As a professional photographer, you face many challenges every time you shoot. These can range from technical issues with equipment to facing legal action if someone takes an issue with how a photo gets used.
Both novices and seasoned professionals can come up against these obstacles. It’s therefore essential to equip yourself with the skills to navigate the legalities of a career in photography.
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What is copyright?
Many people have a basic idea of the meaning of copyright as it applies to brands and businesses. In short, you’re not allowed to make a profit using a company or brand’s official name, logo, or recognizable imagery.
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In reality, it can be more complex to enforce copyright laws. Copyright when applied to photography means having ownership of your own work, and the right to use it in other work, as well as to reproduce, sell and display it.
The only instances in which a photographer would not automatically own copyright would be when they are working for a second party, such as a magazine. Or creating work for a collaborative project, for which an agreement around copyright is drawn up and signed.
Copyright applied to photography
When it comes to professional photographers, understanding copyright laws can protect you and your rights from exploitation. This exploitation may be from individuals, or organizations who wish to capitalize on your work and use it for monetary gain.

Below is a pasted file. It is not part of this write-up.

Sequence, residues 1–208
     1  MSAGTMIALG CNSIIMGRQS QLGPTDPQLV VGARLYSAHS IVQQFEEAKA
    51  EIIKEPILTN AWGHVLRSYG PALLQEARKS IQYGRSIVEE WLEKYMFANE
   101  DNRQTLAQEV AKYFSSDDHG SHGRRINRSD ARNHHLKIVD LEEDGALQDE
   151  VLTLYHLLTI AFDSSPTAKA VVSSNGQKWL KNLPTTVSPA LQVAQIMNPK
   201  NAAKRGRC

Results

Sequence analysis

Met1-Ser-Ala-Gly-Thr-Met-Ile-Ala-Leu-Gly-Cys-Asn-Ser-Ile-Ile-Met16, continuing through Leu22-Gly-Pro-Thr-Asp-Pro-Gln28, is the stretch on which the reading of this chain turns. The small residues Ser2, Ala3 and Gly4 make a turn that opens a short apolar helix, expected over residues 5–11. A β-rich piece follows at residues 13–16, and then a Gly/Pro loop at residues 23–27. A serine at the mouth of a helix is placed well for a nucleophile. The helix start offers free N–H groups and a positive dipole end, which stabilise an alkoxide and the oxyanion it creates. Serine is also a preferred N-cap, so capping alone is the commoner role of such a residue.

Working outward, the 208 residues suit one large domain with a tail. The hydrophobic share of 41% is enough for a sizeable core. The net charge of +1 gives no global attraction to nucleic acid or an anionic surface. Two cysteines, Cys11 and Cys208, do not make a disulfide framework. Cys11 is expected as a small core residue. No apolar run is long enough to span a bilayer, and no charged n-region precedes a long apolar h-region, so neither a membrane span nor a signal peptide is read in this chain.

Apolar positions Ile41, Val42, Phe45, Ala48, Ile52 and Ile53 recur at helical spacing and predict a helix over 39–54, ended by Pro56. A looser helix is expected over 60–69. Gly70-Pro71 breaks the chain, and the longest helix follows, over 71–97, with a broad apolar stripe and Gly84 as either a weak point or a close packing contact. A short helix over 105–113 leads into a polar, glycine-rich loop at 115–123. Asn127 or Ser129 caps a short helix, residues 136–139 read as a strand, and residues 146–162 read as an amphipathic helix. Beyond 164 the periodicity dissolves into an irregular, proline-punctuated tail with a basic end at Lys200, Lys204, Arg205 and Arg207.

Any photograph you create automatically belongs to you—legally. Most people, however, don’t know this. They assume that any photo that pops up in an online search is fair game.
For this reason, it’s suggested that you use a copyright tag on the pages of your website, as well as putting a watermark on photos posted online. To take legal action in the case of copyright infringement, you need to have registered copyright. Here, you have guaranteed protection from exploitation.
Working for a private individual
Many professional photographers are employed on a freelance basis as wedding photographers or for family shoots. Legally this means that there is a contract between photographer and client. But as the photographer, you still automatically retain ownership of your work.
This allows the use of photographs to promote your work unless you explicitly relinquish ownership to your clients. Many photographers, however, believe that it’s good practice to communicate openly with clients about how you intend to use the photographs, either in a promotion or for other purposes.
Creative Commons and the public domain
Creative Commons refers to a license that grants people to use a photographer’s work within certain confines. This type of license requires the author or creator to permit the use of their work—explicitly; until they do so, they retain full copyright.
There are varying levels of Creative Commons licenses, which allow a photographer to place restrictions on how their work gets published. Sometimes the work is only for non-commercial purposes or accompanied by attribution to the creator.